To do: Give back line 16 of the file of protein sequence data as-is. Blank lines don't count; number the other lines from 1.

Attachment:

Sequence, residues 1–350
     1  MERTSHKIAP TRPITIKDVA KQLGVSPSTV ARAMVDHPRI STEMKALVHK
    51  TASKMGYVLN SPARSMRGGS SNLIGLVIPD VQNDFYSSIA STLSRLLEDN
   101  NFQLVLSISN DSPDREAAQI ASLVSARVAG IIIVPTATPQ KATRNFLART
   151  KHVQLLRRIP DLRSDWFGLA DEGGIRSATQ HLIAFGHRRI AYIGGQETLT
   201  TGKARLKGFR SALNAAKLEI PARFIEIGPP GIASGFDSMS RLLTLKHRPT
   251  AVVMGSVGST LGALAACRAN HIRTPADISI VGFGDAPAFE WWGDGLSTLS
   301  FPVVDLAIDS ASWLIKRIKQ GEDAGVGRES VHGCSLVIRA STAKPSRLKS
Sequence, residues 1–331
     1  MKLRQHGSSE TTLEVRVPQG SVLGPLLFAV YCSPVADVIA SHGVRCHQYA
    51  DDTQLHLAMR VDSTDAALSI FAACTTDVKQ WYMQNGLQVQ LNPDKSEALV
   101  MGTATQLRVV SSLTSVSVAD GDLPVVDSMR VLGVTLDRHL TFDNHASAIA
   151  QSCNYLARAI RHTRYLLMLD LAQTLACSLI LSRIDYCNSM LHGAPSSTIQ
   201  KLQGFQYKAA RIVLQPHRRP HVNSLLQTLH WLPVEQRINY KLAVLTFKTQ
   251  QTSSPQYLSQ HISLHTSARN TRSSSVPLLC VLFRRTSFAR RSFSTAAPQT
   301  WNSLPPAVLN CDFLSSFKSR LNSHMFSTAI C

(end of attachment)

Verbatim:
   301  WNSLPPAVLN CDFLSSFKSR LNSHMFSTAI C